The area to the western Calder valley side of Elmet is the subject of a 1979 book combining photography and poetry; Remains of Elmet, by Ted Hughes and Fay Godwin. The book was re-published by Faber and Faber in 1994 simply titled Elmet, and with a third of the book being new additional poems and photographs.

Outside links

References

  1. Koch 2006, p. 670.
  2. Speight, Harry (1900). Upper Wharfedale: being a complete account of the history, antiquities and scenery of the picturesque valley of the Wharfe, from Otley to Langstrothdale. London: Elliot Stock. p. 29. http://archive.org/stream/upperwharfedaleb00speiuoft/upperwharfedaleb00speiuoft_djvu.txt.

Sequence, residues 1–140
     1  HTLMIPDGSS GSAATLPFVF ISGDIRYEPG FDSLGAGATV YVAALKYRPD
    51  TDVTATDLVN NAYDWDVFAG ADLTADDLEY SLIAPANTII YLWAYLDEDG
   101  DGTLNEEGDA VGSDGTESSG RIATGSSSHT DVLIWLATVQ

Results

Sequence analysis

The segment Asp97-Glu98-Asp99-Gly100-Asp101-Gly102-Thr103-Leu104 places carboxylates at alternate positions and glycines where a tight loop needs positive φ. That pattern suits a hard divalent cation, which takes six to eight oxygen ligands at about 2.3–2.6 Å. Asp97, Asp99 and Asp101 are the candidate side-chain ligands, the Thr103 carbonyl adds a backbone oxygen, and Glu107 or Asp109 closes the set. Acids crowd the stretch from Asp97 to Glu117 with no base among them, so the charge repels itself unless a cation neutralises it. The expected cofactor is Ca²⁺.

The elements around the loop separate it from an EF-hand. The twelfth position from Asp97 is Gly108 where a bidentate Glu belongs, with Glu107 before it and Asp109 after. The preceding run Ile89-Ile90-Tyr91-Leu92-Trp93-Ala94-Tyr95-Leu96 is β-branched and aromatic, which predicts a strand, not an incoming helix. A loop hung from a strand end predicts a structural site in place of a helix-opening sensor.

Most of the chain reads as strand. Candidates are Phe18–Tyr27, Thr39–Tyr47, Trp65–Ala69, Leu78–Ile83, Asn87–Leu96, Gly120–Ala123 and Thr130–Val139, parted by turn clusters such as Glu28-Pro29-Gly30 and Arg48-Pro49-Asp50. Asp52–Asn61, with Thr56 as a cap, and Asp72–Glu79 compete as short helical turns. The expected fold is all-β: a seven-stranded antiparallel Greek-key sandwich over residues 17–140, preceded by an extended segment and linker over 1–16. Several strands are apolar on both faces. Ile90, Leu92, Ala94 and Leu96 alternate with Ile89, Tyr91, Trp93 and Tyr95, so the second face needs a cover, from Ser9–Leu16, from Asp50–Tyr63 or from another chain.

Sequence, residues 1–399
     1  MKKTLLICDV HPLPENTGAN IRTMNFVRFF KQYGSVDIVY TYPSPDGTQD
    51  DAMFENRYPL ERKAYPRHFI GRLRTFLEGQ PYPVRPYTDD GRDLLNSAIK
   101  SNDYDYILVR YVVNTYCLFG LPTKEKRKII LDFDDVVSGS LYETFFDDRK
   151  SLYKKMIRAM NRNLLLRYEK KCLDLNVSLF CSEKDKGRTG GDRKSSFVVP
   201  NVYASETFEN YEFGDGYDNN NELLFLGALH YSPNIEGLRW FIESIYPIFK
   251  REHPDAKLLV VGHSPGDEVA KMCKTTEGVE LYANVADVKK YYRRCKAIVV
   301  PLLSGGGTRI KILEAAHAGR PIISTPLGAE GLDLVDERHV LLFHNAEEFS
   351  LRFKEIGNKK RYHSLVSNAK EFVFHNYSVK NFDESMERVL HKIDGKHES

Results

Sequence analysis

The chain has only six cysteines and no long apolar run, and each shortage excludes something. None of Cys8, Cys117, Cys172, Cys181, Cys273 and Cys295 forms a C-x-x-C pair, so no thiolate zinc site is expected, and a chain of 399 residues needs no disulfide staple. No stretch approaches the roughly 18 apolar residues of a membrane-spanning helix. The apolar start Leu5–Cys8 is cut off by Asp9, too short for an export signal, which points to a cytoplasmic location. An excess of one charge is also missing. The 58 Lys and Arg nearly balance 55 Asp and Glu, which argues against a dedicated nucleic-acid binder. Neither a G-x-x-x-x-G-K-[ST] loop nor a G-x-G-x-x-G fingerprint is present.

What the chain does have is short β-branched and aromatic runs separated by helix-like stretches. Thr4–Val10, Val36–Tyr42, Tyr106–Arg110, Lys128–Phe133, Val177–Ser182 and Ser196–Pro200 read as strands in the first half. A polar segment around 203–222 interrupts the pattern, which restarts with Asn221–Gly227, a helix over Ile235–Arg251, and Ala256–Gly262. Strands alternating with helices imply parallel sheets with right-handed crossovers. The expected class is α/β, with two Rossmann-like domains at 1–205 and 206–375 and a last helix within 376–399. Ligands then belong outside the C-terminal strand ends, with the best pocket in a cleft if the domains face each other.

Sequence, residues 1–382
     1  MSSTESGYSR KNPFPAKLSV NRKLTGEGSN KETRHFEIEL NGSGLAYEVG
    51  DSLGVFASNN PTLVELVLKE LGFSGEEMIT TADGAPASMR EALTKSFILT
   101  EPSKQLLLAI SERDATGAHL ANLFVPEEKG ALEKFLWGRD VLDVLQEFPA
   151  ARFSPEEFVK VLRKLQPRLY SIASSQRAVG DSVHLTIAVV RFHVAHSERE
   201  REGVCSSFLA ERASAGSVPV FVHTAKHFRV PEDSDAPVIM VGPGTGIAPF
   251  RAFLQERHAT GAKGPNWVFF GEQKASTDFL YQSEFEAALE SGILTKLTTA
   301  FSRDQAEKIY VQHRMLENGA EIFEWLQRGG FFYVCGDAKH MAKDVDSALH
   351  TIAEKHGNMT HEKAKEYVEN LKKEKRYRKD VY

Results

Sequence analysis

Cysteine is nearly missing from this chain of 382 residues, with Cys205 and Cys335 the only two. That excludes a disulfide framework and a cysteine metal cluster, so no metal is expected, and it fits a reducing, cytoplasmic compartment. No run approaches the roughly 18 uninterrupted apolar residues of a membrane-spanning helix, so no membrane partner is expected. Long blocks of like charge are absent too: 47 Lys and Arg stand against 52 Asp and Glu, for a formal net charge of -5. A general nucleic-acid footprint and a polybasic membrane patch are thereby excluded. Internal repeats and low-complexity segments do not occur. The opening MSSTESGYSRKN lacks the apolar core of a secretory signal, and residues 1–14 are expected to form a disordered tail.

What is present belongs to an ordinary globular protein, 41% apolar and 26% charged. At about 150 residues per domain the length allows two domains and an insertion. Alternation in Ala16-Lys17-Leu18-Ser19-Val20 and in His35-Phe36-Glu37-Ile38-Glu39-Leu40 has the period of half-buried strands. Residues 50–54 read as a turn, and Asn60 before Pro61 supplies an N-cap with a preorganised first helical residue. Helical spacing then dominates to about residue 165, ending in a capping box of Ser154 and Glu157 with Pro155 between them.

3. Alan Orr Anderson (1922). Early Sources of Scottish History: AD 500–1286. I. Edinburgh: Oliver & Boyd. p. 441. 
  4. Downham, Clare (2007). Viking Kings of Britain and Ireland: The Dynasty of Ivarr to A.D. 1014. Edinburgh: Dunedin Academic Press. p. 121. ISBN 1903765897. 
  5. Dumville. St Cathroe of Metz. p. 177. 

Books

  • Koch, John T., ed (2006). Celtic Culture: A Historical Encyclopedia. Santa Barbara, CA: ABC-CLIO. ISBN 1-85109-440-7. 
  • David Rollason (2003). Northumbria, 500–1100. Cambridge: Cambridge University Press. 
  • Christopher Snyder (2003). The Britons. Blackwell Publishing. 
  • Alex Woolf (1998). "Romancing the Celts: a segmentary approach to acculturation". in Laurence, Ray; Berry, Joanne. Cultural Identity in the Roman Empire. London: Routledge.